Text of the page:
With just over 10% of undergraduates being internationals, the question is worth asking. Some of us may have been in that situation, asking for the origins of a friend or someone we barely know and being told that they are internationals because one of their parents is not English, for instance. So… international or not? Well, no.
We take it as a given that all Cambridge students should speak English—and I think we are right—but that is not where the difference lies between an international student and a British student. Rather, we should focus on English as the mother tongue language. Many people speak a very reasonable English—which is my case for instance—without having ever been to England before University. It is simply due to the fact that they spent their entire school years in an international school. You got me: fake internationals, stop cheating! It may be better to say you’re French—not because I am one—when going out in a club, but it does not count if you’re not a pure one!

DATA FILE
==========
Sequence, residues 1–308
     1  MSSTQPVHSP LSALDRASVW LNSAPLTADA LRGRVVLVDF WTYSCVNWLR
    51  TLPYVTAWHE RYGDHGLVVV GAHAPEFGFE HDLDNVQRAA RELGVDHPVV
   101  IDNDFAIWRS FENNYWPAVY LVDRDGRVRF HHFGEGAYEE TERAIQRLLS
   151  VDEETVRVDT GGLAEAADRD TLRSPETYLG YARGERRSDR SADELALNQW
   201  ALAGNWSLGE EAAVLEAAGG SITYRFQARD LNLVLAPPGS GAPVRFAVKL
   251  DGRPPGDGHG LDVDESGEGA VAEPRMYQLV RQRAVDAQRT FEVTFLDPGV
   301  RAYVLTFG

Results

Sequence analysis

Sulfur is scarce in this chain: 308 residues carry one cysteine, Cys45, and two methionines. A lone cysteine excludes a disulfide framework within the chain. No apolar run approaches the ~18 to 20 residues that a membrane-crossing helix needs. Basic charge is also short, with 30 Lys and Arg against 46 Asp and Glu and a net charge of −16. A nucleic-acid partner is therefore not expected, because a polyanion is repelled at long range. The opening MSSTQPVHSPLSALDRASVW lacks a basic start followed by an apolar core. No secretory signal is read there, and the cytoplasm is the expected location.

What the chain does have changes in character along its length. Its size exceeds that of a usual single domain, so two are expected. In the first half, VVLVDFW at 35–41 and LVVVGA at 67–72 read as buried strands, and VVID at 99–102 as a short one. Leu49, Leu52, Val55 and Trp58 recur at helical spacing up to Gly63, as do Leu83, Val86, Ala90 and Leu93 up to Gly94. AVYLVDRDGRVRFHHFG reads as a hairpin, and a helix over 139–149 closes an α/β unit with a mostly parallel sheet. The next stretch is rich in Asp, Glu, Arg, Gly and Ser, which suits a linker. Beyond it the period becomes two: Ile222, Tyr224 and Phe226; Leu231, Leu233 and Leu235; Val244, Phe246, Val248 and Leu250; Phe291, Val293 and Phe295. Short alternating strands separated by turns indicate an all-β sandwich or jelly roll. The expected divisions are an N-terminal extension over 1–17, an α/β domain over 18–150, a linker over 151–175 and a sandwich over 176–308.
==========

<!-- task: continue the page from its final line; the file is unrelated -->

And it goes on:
I link language to culture because the first thing that counts is idiomatic expressions, especially when it comes down to have chat with your friends. You may have been somewhere where these expressions were not the same and thus not feel so well mixed. What about then, you may ask, all these internationals sticking together and not speaking English? That’s not cool, I agree.
I think however that there is no problem for international students to get rapidly integrated since all students—except a tiny minority having relatives having been to the University since its foundation—are new to the Cambridge culture. And it starts all again with language. Did you ever realise that townies, gyp room and pennying are probably making sense only here? Did you further realise that all Cambridge students know what it means, internationals or not?
That’s all what counts. Internationals are thus as well integrated as others, and if you doubt it, it may well be that you need further integration!